I’m wary of promoting creative writing ‘rules’. I’m wary of telling you how to write your book (if you’re writing one). I’m sure there are many wonderful sad books out there which aren’t funny. But if you are writing a sad book for children, please at least think about what I’m about to say.
Sad books should make you laugh.
Sad books should make you laugh. Macbeth and Hamlet have comedy scenes. Lolita is heartbreakingly bleak and incredibly funny. Even Michael Rosen’s Sad Book has jokes about his cat. Real life is generally hilarious. Why should fiction – realistic fiction – be any different?
People in bad fiction respond to tragedy by wailing and crying. People in real life respond by laughing at it. You have to. You’d go mad otherwise. Laughing at something reduces the terrifying into something containable. It says to fear and death, ‘You aren’t so hard. I can beat you.’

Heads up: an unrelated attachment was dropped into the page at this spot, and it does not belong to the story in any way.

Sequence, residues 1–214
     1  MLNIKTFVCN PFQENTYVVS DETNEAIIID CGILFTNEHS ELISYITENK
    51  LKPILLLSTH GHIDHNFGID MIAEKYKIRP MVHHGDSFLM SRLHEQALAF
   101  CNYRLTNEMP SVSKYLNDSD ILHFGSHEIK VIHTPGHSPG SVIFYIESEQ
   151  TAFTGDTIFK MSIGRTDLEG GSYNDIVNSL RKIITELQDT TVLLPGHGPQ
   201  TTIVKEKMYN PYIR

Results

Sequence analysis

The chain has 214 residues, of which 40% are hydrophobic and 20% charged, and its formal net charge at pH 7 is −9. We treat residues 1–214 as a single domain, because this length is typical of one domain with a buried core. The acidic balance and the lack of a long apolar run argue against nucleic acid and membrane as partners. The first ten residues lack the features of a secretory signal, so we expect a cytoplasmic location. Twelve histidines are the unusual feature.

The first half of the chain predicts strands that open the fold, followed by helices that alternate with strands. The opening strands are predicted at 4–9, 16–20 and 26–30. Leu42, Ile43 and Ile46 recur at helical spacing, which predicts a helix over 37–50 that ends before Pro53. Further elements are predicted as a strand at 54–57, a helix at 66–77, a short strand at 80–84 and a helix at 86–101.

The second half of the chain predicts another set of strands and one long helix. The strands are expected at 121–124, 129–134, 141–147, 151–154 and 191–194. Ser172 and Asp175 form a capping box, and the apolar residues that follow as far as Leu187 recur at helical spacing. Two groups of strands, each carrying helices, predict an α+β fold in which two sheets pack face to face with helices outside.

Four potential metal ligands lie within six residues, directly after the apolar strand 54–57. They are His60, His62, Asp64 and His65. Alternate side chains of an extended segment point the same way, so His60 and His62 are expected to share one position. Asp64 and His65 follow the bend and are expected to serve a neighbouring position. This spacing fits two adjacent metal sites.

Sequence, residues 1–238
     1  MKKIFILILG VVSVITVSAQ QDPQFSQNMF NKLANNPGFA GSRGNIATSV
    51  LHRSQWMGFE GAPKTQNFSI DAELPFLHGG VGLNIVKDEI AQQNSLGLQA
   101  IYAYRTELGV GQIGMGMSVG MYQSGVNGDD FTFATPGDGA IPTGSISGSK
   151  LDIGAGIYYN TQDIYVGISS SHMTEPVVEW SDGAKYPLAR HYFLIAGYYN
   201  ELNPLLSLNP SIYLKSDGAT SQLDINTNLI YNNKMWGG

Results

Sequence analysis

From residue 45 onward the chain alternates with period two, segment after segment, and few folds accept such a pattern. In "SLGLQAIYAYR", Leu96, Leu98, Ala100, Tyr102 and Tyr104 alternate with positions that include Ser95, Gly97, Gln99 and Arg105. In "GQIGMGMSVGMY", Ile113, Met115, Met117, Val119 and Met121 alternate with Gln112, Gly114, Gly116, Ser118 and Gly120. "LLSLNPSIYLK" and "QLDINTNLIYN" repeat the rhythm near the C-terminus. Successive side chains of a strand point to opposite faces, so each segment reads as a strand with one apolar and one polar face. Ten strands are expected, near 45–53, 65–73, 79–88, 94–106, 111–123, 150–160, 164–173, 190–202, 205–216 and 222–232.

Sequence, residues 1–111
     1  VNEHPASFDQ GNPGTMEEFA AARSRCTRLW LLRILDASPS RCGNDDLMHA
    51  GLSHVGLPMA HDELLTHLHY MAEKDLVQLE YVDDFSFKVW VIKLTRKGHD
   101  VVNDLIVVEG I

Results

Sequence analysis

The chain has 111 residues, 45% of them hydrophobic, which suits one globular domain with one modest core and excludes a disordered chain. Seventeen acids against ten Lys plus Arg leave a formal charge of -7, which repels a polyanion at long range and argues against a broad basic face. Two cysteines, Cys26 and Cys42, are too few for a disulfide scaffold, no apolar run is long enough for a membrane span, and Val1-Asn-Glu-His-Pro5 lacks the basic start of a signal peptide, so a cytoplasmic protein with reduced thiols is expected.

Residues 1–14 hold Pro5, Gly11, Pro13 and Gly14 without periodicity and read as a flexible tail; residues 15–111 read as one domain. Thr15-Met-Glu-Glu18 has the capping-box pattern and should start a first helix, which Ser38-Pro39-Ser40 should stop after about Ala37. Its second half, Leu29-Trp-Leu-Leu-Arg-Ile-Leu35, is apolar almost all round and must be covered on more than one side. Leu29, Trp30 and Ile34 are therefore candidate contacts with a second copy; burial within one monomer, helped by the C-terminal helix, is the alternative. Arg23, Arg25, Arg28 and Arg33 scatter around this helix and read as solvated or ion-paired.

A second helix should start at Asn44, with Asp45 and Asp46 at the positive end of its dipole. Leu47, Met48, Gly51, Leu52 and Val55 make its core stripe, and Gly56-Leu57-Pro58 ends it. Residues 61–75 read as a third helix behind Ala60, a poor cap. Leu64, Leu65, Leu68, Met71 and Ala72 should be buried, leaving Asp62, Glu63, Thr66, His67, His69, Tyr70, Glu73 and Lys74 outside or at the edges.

Reading Marjane Satrapi’s wonderful Persepolis with a book group, we all agreed that the humour made the book – if anything – more moving. We felt as though we were reading about real people, living in a real world. People like our parents and grandparents, who were just trying to live an ordinary life in the middle of unimaginable suffering. We cared for these sparky, quirky people in a way that it’s hard to do for someone with a VICTIM sign pinned to their head. And when sad things happened to them, we minded.